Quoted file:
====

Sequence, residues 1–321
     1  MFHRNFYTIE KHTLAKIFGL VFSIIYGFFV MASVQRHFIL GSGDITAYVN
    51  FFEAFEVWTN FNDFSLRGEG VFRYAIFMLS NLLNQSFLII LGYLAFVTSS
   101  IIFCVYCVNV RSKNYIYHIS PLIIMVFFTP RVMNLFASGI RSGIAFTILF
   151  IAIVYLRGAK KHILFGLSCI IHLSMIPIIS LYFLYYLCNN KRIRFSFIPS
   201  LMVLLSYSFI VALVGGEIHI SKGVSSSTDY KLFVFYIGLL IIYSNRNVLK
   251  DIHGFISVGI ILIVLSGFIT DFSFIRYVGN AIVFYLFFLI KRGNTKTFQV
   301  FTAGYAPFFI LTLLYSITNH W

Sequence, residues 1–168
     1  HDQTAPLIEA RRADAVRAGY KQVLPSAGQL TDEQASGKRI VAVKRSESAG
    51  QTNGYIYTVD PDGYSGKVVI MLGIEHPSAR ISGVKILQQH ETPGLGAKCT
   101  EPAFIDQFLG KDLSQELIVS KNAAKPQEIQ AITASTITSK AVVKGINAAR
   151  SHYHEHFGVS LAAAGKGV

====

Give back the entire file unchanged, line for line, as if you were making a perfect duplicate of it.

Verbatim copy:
Sequence, residues 1–321
     1  MFHRNFYTIE KHTLAKIFGL VFSIIYGFFV MASVQRHFIL GSGDITAYVN
    51  FFEAFEVWTN FNDFSLRGEG VFRYAIFMLS NLLNQSFLII LGYLAFVTSS
   101  IIFCVYCVNV RSKNYIYHIS PLIIMVFFTP RVMNLFASGI RSGIAFTILF
   151  IAIVYLRGAK KHILFGLSCI IHLSMIPIIS LYFLYYLCNN KRIRFSFIPS
   201  LMVLLSYSFI VALVGGEIHI SKGVSSSTDY KLFVFYIGLL IIYSNRNVLK
   251  DIHGFISVGI ILIVLSGFIT DFSFIRYVGN AIVFYLFFLI KRGNTKTFQV
   301  FTAGYAPFFI LTLLYSITNH W

Sequence, residues 1–168
     1  HDQTAPLIEA RRADAVRAGY KQVLPSAGQL TDEQASGKRI VAVKRSESAG
    51  QTNGYIYTVD PDGYSGKVVI MLGIEHPSAR ISGVKILQQH ETPGLGAKCT
   101  EPAFIDQFLG KDLSQELIVS KNAAKPQEIQ AITASTITSK AVVKGINAAR
   151  SHYHEHFGVS LAAAGKGV